Federal agencies recognize that improving the customer experience with internal customers can be just as important as it is with external customers. For the U.S. Marshals Service, a federal law enforcement agency within the Department of Justice, that also means working with state and local partners as well. In this abridged Q&A, U.S. Marshals Service CIO Karl Mathias shares how his IT team is working with U.S. marshals and law enforcement partners to improve customer experience.
FedScoop: Describe the primary customer groups you serve – and how important managing the customer experience is to your agency’s mission?
Karl Mathias: It’s extremely important to us. A lot of what we do is internally focused. Our first category of customer includes 94 U.S. marshals, and about 3,700 deputy U.S. marshals who do the work of the agency. We also do investigations to find fugitives and deal with asset forfeiture, special operations and witness security. The second category of customer would be state and our local police forces … and other DOJ components, including the FBI and ATF [the Bureau of Alcohol, Tobacco, Firearms and Explosives] – doing investigations with them. The third category, of course, is the U.S. citizen and trying to tell them what we do, how we do it and how effective we are.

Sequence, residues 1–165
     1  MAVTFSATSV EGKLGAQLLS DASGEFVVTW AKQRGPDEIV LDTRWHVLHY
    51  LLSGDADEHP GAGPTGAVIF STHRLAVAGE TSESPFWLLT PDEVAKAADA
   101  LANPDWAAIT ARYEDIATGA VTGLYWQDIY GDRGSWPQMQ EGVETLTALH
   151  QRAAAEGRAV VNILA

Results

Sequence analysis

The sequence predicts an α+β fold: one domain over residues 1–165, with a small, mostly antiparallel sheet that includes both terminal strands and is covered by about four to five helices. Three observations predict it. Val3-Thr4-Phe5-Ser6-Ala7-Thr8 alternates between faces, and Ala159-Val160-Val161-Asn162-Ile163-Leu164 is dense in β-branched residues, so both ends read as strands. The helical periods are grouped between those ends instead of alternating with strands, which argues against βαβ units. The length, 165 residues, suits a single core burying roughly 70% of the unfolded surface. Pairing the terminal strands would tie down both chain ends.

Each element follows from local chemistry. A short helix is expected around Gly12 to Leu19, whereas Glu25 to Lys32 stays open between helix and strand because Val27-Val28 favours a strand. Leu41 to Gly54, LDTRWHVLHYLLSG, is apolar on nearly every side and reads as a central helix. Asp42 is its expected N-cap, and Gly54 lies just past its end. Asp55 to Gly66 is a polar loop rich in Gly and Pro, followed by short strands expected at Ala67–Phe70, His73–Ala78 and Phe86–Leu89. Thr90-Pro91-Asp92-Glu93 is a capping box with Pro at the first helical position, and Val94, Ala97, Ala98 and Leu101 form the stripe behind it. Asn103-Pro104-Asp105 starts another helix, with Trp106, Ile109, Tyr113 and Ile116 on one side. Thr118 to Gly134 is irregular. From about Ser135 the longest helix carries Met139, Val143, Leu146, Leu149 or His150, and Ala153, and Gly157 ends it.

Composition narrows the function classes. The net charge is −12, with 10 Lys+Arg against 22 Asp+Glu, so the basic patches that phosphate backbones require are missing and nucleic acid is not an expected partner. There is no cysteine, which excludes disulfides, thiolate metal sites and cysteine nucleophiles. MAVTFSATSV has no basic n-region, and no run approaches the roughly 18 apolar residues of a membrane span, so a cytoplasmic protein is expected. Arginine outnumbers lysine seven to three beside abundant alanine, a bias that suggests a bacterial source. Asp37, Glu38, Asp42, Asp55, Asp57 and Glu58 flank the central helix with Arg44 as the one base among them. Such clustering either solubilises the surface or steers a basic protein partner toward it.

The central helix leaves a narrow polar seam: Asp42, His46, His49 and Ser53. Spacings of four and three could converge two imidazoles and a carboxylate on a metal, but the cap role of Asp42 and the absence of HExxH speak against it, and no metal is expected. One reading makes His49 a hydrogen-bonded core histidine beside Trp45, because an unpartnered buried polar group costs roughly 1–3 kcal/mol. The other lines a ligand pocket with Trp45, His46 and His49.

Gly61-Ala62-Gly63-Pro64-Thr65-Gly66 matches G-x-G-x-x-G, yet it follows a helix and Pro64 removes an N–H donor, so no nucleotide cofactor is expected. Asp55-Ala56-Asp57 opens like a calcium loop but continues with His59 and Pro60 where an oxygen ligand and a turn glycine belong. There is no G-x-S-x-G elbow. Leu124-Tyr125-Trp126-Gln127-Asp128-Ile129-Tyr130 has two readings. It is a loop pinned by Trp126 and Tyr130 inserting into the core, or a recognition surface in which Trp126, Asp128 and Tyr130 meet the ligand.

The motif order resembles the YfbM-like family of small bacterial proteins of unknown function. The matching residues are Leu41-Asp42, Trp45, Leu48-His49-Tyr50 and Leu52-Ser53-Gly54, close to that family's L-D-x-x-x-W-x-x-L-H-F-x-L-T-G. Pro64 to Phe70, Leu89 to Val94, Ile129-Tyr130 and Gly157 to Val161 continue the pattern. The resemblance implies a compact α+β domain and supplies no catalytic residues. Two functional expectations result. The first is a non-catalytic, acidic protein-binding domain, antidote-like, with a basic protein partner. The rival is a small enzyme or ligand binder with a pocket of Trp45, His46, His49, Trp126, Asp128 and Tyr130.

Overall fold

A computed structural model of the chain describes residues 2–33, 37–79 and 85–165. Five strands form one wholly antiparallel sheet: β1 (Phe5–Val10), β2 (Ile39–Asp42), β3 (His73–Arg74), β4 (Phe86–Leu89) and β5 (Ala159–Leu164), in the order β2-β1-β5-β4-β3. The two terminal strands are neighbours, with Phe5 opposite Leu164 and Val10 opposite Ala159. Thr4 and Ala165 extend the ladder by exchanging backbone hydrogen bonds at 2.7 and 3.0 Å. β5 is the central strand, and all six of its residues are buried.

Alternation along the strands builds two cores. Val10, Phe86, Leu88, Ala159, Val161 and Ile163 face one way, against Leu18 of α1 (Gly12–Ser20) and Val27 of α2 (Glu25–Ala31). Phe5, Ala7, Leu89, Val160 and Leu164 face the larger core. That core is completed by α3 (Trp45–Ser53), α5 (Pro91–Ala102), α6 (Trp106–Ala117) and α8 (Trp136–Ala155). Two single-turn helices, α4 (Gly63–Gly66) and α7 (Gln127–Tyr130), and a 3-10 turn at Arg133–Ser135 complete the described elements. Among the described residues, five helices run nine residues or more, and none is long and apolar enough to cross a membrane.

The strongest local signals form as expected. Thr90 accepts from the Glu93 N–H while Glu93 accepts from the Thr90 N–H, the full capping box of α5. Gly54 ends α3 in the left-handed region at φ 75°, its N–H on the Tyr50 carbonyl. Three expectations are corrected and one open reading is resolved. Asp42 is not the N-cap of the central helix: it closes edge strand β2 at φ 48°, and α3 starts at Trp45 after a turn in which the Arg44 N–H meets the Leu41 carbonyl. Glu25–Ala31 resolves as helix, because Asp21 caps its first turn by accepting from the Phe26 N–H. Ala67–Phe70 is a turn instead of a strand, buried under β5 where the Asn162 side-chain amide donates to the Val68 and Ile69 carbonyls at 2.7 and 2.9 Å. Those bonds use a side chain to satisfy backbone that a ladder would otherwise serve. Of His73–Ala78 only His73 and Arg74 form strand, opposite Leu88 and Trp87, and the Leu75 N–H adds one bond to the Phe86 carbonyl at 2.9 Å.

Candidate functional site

When it comes to customer experience, especially for our deputy U.S. marshals … and our state and local partners, we’re always asking: “How can we give time back to the mission? How can we give them tools to be more effective? How can we enhance those partnerships? How can we gain access to common data that might make us both do our missions better?”
When we talk about the citizens, we’re always asking, “How can I get more information out there in the most effective way?’ Or enhancing our social media presence? Or things like, ‘Who are our most wanted? Who should they be on the lookout for?”
FS: What steps has the agency taken over the last year or two to improve the way it measures customer experience – to know what’s working and what’s not – in order to improve performance?
Mathias: We divide the user experience into two categories: “What’s the efficiency with which I provide services?” And “How effective are the interfaces to those services in terms of making it easy to do things?”
One of the things we have done is look at how to measure performance on our service desk more effectively. We’re getting on the order of 2,000 to 2,500 calls per week. We want to make sure our deputies can do their job, not waiting on the phone a long time.
A few measures we keep a careful hold on are call abandonment rate; their average wait once they call in; and what’s that first-call resolution rate. We also look at our ticket reduction rate and how fast are we resolving these tier two, tier three tickets. Those are all things, which are a major pain point for most organizations, [where we’re trying] to improve our performance … and the customer experience when they call in.
On the interface side of things, we are in the process of modernizing our case management system, which takes care of our prisoner tracking, our investigations, our security management. We want to make sure that those interfaces are intuitive to our deputy U.S. marshals and to our task force members as they use it.